“You should all be lined up against a wall and killed. A forty-five against the back of the head­­—BOOM! Just like that. Sayonara, Sammy. One at a time. Every fucking one of you. And you know what? You know what? They should start with your family. Mom and dad, first in line, buddy.”

I wonder if anyone back in Hawai’i will believe this at all. Even if they do believe, it won’t seem real to them. The sickening ugliness of this man’s raw, inflamed hatred is so exaggerated that it’s almost beyond belief. He’s like a badly-written fictional character.

Now he’s telling me that in China, prisoners are shot in the head and the executioner picks up a bit of “gristle” from the prisoner’s blown-apart head and eats it. “Animals,” he says, his voice dripping with venom and disgust. “That’s all you are, animals. Living proof that dogs fucked monkeys.”

At 96th street, he gets out. Perhaps it’s my imagination, but I think he looks and sounds frustrated, which perhaps means I have won. But he doesn’t stop talking until he is on his feet and out the subway door. His departure is like a great exhalation of toxic gas. The other passengers appear visibly relieved. I sigh and try to relax, but the muscles in my neck and stomach are tight and knotted. The woman who had been sitting to his right, looks over at me and shakes her head sympathetically. I try to manage a polite smile, but can’t. I feel like I’m going into shock. My head is light, and my hands are damp. The pupils in my eyes must be constricting because everything in the subway car looks black-and-white. I don’t want to pass out, but I don’t want to put my head between my knees in front of everyone. Not after my I-am-a-rock performance. So I just concentrate and breathe steadily to keep the oxygen in my blood.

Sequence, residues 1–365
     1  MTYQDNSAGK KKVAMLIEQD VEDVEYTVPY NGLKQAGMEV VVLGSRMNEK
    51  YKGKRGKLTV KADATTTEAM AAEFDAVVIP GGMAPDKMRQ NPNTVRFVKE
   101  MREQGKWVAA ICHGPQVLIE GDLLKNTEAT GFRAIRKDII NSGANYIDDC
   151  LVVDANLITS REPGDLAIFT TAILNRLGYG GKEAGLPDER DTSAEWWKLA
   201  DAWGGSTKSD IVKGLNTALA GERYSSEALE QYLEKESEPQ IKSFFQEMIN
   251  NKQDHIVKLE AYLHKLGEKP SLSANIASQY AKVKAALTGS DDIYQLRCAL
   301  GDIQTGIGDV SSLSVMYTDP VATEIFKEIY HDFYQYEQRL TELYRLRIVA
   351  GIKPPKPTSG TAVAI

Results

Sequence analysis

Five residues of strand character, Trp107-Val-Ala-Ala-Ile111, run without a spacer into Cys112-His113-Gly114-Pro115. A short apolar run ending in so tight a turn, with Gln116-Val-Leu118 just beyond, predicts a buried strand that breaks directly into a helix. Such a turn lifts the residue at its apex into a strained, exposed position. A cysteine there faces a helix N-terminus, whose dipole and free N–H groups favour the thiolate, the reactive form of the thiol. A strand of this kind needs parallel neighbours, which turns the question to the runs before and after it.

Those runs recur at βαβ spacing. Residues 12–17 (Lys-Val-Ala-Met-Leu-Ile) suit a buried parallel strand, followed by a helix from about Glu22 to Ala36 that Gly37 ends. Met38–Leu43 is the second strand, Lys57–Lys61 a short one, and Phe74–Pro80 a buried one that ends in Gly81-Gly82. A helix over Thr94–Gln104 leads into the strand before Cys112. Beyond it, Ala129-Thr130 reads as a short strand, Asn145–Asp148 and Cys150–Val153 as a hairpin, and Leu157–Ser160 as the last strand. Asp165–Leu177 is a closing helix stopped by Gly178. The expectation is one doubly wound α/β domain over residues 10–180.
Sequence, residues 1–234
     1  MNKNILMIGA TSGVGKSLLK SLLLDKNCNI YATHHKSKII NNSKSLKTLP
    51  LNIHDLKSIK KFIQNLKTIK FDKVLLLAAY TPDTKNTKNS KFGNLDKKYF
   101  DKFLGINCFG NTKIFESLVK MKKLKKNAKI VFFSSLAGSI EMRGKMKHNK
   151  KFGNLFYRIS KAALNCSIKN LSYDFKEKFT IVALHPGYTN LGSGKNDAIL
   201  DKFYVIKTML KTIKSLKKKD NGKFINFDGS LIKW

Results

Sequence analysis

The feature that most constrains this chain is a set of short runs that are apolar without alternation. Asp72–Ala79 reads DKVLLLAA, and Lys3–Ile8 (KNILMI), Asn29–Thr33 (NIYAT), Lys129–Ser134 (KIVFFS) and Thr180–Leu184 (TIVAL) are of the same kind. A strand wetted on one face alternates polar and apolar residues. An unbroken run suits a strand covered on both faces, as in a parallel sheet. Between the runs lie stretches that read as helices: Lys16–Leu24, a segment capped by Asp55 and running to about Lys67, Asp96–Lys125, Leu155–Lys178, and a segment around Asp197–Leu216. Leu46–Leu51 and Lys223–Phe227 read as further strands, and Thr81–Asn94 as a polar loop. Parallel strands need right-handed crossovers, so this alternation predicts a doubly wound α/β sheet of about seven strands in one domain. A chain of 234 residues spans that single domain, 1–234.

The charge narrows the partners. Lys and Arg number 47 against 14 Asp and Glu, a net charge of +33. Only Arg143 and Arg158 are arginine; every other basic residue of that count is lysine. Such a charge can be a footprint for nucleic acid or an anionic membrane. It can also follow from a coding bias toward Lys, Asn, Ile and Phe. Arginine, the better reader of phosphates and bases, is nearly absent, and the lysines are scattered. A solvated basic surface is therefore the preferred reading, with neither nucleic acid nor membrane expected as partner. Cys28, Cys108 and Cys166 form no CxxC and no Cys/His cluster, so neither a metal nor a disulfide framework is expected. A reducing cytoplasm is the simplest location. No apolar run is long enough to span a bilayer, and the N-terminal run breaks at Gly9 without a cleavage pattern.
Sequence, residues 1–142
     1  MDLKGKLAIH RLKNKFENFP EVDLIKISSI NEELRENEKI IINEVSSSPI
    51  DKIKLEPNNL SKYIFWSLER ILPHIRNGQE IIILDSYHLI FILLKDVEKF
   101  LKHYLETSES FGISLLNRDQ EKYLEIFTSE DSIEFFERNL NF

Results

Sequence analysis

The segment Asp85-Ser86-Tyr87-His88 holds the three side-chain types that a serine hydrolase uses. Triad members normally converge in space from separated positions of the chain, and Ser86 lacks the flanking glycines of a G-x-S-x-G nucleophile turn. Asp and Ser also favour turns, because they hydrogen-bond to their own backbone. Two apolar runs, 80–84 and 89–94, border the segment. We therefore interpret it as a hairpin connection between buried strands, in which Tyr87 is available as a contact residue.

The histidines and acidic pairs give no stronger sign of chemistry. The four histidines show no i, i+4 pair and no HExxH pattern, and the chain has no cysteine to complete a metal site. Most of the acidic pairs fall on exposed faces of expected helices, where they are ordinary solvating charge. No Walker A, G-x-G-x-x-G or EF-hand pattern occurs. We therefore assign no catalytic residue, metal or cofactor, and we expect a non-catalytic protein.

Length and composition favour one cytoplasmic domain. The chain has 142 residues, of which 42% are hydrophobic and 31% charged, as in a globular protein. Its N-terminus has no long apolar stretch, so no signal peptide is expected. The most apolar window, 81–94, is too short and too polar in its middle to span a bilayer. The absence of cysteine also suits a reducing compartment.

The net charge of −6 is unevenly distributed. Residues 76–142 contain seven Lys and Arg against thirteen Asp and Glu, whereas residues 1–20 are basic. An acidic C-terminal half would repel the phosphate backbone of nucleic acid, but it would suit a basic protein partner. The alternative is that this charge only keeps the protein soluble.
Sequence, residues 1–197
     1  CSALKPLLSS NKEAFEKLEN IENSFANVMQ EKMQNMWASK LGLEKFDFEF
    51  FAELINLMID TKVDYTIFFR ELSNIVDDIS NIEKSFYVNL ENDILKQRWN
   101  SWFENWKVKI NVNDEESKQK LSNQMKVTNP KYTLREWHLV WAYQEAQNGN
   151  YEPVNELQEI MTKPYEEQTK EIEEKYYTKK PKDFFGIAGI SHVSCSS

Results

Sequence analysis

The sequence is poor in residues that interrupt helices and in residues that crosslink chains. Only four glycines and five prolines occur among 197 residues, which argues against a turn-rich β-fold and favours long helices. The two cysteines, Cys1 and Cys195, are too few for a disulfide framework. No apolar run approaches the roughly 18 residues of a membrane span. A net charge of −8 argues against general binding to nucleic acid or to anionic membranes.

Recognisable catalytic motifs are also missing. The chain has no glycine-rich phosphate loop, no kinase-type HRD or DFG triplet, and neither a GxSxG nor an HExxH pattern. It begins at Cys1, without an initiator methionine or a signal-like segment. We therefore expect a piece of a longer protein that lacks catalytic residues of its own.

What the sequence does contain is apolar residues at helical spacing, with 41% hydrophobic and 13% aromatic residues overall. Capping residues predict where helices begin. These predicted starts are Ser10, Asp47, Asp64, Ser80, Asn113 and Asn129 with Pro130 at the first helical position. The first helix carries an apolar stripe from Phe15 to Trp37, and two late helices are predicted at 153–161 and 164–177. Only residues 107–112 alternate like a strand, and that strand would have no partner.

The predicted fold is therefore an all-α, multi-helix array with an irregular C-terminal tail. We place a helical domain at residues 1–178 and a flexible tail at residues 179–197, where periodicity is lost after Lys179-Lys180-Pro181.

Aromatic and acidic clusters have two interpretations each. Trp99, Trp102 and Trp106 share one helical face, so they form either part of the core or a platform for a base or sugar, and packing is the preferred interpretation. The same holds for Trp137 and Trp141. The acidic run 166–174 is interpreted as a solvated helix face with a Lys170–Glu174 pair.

I look at the floor and try to comprehend what has just happened.

I get out two stops later, at 110th street. Using the bank machine there, I realize that my hands are shaking.

 

Later, my African American friends tell me that they’ve had similar experiences. They sympathize, but it’s clear that this is not a big deal. This, to me, says volumes about their New York, about the world as they’ve experienced it, a world in which being the object of racial hatred is so commonplace as to be merely noted with dismay, a shaking of the head, and then to be shrugged off.